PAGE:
Dr. David B. Adams – Psychological Blog

Psychology of Illness, Pain, Anxiety and Depression

Referral Annoyances

In the ideal world, the primary treating physician is a member of the employer_s panel.

That ideal panel would consist solely of the most competent clinicians in the community.

The primary treating physician would refer to the most competent board certified specialists and subspecialists based upon the implications of the patient_s symptoms, diagnostic studies and consequent needs.

However, the referral process may be greatly, and perhaps unnecessarily, compromised.

Clinicians may refer based upon factors other than competence, the most common of which is friendship, to others within the same office, or to show appreciation to someone who has referred to them.

The clinician may delay or avoid a referral because the employer or insurer would be displeased. In many cases, the primary treating physician is fearful of disapproval from the insurer or employer (and retaliation in the form of receiving less/no cases from them).

(I reviewed medical records on a case recently in which the surgeon said “this patient needs a psychological evaluation…I am not making that referral and not saying it needs to be made…but the patients problems are psychological…but it is not a referral I am making at this time….)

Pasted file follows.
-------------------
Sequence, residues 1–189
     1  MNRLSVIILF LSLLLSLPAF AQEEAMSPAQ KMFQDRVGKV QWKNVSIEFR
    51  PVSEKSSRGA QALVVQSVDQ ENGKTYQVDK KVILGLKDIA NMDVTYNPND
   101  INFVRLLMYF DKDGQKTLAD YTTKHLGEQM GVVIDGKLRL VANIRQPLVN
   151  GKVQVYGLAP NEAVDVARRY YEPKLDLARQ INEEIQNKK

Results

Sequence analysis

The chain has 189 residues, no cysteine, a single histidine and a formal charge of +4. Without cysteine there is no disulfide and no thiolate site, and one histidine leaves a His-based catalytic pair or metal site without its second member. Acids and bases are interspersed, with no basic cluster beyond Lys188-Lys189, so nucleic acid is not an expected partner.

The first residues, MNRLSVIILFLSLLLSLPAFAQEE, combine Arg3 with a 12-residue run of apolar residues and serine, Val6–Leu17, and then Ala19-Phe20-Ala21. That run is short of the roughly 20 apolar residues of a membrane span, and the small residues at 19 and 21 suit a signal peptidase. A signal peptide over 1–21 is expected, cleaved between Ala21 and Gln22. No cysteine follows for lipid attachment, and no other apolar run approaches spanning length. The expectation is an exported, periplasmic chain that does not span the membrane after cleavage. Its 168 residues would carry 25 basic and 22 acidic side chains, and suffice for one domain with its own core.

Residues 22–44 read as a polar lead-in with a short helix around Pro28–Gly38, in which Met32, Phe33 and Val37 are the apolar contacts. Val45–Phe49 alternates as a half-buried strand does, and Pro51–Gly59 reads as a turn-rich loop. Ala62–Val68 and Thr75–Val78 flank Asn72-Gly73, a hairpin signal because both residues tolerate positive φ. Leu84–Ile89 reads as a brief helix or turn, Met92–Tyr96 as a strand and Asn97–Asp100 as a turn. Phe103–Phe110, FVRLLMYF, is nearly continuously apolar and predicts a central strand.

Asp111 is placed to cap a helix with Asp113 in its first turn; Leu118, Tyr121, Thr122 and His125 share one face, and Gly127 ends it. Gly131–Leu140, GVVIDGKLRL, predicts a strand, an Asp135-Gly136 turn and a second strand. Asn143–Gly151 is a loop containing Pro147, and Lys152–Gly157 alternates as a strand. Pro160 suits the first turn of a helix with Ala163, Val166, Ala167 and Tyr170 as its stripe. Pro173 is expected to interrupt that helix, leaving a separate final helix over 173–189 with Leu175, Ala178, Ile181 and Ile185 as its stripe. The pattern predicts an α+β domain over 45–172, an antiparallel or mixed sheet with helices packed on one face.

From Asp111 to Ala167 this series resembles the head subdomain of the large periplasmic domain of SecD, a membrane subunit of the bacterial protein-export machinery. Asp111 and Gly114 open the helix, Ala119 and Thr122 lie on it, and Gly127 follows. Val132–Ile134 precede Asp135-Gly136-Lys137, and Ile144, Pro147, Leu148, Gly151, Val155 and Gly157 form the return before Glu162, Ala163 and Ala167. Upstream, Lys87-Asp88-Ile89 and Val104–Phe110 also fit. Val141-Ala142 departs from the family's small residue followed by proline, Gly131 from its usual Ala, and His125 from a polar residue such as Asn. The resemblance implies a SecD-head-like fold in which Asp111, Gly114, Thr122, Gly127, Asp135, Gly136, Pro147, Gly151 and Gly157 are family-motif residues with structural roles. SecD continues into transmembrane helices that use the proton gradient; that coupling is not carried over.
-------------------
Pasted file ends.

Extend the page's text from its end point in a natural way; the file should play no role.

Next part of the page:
Perhaps the most alarming situation in the workers_ compensation system is that referrals are made, blocked, redirected, encouraged or coerced by those without any health care training. In those cases, you have non-doctors making decisions about medical necessity and appropriateness. This occurs in situations where the interfering party is trying to cost-contain or trying to case build. These non-clinicians want to govern the data that appears in the chart by hand selecting clinicians over whom they feel they have control.

The solution is both simple and direct:
a. build effective panels of the best credentialed, most thorough, and consistently objective clinicians.
b. Provide those clinicians with access to the most competent subspecialists available.
c. Do not abandon a provider if an occasional case does not go the direction you would have preferred, and verbally reward the doctors for excellence in patient care and most of all,
d. respect their competence to chose the best providers to whom to refer rather than allowing the referrals to originate from non-clinicians.

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